While doing integration tests on web applications, it is important to restrict the application to the strict minimum necessary for any given test. It helps to improve the startup time as well as to reduce unexpected interactions. To that end, I use ShrinkWrap from JBoss that is a very nice a simple API to build Java archives (e.g., JAR WAR, EAR). This post describes how to programmatically build a WAR file that can be deployed on an embedded server for integration testing. For more details on how to use this web archive in JUnit fixtures please refer to this article. The following snippet gets the ShrinkWrap package from the JBoss repository. As I only use it for test purposes, I restricted its use to the test scope.
ShrinkWrap is available as a Maven dependency:
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Building the archive
The first step is to crate a web archive a.k.a. a WAR file. As we want to produce a WAR file, we use the
ShrinkWrap.create method. It is also possible to produce JAR (
JavaArchive.class) and EAR (
The next step to build a WAR is to provide the
web.xml for you project. Again this can a be a simplified version of the web descriptor to improve startup time or limit dependencies. In the following example, the files are taken from a maven directory structure.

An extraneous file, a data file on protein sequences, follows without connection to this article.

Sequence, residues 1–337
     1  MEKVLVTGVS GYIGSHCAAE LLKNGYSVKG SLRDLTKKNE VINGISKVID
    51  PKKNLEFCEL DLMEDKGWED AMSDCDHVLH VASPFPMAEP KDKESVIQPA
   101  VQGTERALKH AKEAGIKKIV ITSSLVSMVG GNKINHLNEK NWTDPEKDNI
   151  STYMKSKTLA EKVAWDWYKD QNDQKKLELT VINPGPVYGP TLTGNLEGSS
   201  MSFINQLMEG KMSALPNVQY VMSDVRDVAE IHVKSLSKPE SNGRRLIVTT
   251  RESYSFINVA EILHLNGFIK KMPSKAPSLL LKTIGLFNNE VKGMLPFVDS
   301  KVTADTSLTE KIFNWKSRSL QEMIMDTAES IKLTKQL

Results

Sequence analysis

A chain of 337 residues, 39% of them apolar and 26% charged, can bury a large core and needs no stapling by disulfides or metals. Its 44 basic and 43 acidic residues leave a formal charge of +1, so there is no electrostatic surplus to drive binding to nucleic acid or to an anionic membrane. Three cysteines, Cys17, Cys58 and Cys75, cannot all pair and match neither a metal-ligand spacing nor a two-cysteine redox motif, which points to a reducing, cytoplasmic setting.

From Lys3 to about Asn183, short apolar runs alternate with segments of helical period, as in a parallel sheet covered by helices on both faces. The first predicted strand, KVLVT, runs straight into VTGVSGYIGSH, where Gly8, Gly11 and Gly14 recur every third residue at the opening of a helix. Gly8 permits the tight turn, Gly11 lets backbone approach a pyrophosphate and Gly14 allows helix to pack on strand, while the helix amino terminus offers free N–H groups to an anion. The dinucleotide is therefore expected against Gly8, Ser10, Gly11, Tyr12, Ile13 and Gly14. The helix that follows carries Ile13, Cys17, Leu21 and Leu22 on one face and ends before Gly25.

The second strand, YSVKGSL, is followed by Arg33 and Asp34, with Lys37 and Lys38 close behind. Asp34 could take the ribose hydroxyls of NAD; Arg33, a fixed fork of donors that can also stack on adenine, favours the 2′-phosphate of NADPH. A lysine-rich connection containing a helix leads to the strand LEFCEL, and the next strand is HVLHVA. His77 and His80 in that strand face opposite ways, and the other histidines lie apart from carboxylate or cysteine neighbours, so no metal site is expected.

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Now that we have a web descriptor, let’s add some classes that are required to run the application. To not having to add each single class individually, it is possible to a complete package to the archive.
It is also possible to add individual classes:
For JSF applications, we add add the
And similarly, let’s add the CDI descriptor into
WEB-INF. As we do not need to create a specific
we add an empty descriptor:
Let’s finally add standard web resources such as
xhtml files or static files:
As ShrinkWrap uses Method Chaining, it is possible to chain
add class to fill the archive.
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Please note that when using maven to execute the tests, most of the required libraries are already on the classpath. Therefore, we often do not need to add any library or jars to the web archive.
Using the archive
After having built the package, we need to export it either as a war or as an exploded directory. The following snippet produces a WAR file named after the archive. The second parameter states whether a existing archive can be overwritten.
Alternatively it is possible to produce an exploded archive:
We have seen how to use ShrinkWrap to programmatically build Web archives. This is especially useful to test smaller version of your web application during integration testing. It helps to test webapps with mock services and to improve the startup time. The examples used in this blog are to be found in the JEE-6-Demo project on Google code hosting.